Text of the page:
The soybeans, late like all of our crops this year, have come to life this week following the rain.
Their blossoms, were they larger, would be prized.
But the prize of the soybean plant is, of course the soybeans.
The flowers are just a step in the process of production.
We are raising seed soybeans. That means that the seed is certified as to variety, and inspected in the field. We will store the crop on the farm until Spring when they will be transported and prepared as seed for the 2015 growing season.
Many of the soybeans raised in our area are used for animal feed, but more and more food grade soybeans are being raised in the US. The process of turning soybeans into foods like milk and yogurt is one that I know little about.
I recently read an article in the Wall Street Journal titled "America's Move to Soy Hobbles Dairy. It reveals that US consumers demand ever expanding nutritional choices. The dairy industry must respond with value added options to please modern consumers. Follow the link to read the article.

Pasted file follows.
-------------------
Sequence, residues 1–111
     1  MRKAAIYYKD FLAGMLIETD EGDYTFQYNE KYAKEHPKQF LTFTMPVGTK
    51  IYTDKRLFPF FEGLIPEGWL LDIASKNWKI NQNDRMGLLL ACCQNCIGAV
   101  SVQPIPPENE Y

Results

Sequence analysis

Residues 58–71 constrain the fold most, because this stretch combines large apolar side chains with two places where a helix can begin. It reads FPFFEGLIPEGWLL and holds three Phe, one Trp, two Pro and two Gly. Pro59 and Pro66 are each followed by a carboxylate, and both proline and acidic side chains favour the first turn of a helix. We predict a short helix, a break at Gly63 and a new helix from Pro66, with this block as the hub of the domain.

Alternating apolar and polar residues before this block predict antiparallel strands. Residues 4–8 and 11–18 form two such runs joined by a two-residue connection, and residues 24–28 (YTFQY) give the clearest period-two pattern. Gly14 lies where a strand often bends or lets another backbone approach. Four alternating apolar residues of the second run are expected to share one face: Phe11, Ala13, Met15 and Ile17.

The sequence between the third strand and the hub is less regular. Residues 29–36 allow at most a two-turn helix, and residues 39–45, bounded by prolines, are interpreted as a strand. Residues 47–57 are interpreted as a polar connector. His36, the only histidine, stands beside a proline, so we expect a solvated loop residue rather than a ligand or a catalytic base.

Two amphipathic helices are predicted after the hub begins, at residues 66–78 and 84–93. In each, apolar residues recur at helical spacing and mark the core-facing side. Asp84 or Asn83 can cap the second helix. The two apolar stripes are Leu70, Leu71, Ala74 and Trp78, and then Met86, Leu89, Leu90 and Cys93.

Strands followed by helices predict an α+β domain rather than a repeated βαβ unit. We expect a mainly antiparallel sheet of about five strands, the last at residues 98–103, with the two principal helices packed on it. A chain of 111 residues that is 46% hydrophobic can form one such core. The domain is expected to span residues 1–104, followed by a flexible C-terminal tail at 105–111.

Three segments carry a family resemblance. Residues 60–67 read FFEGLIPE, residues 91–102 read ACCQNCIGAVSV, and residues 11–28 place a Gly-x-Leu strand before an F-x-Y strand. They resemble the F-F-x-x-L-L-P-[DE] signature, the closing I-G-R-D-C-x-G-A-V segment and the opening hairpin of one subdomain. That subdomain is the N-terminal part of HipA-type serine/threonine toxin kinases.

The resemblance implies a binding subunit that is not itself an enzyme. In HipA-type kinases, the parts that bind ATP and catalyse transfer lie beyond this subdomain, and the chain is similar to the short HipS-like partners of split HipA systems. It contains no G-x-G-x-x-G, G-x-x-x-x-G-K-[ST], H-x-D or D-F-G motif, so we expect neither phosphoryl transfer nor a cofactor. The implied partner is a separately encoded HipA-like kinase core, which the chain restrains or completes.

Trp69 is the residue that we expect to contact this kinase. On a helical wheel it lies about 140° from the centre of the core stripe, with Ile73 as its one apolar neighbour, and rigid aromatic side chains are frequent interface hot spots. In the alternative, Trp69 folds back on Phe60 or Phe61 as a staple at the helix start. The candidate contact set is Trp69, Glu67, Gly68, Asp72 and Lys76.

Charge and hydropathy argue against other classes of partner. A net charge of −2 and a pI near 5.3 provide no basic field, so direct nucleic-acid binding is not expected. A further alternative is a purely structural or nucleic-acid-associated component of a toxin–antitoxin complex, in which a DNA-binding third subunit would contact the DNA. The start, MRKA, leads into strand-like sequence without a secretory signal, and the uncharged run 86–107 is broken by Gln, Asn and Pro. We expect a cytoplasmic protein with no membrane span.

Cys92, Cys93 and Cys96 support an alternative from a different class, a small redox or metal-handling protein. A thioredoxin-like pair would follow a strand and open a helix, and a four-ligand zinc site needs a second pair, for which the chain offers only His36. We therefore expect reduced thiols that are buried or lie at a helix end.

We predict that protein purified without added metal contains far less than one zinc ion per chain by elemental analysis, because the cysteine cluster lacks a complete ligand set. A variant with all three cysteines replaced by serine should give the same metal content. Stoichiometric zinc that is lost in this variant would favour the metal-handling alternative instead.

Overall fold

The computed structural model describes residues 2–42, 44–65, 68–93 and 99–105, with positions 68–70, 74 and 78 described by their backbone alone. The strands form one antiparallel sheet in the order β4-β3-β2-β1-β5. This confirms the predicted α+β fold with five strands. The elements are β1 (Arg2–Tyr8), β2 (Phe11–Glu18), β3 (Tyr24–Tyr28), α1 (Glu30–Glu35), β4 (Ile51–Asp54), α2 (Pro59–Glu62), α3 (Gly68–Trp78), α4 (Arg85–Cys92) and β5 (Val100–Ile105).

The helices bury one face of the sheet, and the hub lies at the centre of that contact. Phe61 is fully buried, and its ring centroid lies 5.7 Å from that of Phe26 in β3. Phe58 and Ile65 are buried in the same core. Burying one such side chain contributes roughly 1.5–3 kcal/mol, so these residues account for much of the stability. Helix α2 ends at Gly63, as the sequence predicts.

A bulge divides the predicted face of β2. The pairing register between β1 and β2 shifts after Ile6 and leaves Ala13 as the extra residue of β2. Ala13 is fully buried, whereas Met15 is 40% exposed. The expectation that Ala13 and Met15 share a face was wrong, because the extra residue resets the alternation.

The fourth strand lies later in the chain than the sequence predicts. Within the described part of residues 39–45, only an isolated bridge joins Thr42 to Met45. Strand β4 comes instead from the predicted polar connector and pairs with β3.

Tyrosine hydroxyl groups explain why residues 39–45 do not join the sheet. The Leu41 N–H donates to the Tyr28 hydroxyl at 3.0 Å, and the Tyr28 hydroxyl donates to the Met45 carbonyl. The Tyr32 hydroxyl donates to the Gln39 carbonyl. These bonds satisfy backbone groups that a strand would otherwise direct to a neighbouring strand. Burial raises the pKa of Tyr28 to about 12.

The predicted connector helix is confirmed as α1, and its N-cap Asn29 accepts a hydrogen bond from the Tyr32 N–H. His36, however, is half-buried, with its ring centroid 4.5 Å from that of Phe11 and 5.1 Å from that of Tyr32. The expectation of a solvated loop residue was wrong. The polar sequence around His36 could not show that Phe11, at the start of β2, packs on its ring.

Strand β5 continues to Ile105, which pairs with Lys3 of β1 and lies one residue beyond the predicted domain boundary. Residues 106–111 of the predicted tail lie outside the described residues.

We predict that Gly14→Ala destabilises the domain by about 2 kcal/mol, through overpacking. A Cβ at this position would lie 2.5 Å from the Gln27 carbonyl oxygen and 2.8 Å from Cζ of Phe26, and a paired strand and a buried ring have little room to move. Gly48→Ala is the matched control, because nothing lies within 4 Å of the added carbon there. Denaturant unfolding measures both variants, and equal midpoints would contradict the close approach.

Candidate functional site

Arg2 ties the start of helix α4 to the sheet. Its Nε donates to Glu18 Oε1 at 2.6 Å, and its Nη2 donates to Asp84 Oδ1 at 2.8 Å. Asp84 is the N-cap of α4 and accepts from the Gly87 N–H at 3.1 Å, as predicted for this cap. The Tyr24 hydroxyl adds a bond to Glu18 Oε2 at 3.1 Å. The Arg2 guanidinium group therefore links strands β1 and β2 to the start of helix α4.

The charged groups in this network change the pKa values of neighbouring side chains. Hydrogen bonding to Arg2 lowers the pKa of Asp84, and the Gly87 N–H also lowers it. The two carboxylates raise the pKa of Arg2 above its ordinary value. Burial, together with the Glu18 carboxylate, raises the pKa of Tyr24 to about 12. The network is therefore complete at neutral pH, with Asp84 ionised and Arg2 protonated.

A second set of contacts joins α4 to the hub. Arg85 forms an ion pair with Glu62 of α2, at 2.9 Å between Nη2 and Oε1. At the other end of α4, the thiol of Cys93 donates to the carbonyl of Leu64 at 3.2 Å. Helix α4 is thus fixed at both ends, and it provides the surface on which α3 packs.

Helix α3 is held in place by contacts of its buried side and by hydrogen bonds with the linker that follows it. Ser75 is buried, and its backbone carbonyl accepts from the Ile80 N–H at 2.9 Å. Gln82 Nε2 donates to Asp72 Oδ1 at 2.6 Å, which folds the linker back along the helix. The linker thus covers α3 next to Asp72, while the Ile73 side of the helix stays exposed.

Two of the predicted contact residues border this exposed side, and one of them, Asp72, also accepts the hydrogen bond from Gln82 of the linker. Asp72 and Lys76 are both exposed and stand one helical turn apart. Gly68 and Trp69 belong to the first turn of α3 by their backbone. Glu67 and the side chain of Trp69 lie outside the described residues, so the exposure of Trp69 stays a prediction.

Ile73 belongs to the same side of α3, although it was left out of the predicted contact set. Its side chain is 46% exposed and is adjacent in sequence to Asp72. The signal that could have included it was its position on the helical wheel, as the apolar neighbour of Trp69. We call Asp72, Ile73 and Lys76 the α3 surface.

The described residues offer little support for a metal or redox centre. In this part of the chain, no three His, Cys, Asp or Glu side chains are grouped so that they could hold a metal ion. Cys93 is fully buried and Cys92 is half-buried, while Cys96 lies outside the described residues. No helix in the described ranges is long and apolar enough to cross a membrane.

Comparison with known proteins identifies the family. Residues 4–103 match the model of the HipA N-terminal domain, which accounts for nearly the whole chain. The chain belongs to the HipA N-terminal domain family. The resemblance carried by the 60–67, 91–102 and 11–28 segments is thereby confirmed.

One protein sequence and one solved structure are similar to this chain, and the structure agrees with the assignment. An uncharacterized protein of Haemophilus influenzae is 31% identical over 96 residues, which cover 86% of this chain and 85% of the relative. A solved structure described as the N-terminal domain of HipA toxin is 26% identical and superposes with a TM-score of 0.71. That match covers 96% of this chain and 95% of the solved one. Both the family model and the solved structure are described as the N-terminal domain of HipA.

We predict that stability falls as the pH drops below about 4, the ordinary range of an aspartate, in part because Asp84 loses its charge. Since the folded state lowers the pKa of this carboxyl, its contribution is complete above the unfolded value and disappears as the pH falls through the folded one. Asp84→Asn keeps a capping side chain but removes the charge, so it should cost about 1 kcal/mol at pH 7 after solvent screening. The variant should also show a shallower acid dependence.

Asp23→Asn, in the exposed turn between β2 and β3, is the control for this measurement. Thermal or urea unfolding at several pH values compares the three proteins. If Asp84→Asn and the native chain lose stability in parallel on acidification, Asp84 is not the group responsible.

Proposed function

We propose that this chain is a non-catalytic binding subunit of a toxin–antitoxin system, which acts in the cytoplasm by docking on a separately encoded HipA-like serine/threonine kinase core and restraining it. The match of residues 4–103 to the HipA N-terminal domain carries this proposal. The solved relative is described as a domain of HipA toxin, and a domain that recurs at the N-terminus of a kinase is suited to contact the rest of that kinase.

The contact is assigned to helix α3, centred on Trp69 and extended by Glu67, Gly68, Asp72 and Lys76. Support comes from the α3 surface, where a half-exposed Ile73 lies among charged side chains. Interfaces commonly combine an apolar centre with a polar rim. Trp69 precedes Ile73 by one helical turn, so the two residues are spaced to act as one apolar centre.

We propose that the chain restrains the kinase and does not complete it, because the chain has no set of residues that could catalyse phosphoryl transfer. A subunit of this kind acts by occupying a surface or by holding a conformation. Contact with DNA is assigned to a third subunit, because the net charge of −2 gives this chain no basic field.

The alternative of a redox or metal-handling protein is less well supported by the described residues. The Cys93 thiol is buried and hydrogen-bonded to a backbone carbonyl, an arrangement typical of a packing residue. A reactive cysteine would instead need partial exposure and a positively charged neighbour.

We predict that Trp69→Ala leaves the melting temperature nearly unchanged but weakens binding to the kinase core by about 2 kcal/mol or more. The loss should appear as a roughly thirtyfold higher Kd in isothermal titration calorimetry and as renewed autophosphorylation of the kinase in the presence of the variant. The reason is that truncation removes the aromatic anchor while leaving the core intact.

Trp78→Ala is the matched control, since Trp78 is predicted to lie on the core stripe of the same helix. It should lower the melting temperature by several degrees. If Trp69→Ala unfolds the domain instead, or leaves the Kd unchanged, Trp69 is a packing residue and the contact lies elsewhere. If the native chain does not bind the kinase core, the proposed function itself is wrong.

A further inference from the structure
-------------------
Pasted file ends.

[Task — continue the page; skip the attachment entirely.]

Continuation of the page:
When I was young we milked cows for our own use. We had a cream separator in the small milk house by the barn, and a milk pasteurizer that Mom carefully used in our kitchen. Dairy was very straight forward. Unseparated milk carried a layer of cream on the top of the milk. After we sold the cows and stopped milking, homogenized milk from the store seemed like such a treat. We couldn't imagine anything better with a meal. Whole milk was on the table three times every day.
Soybeans, which are evidently a catalyst for change, are guarding their blossoms in the fields of GriggsDakota.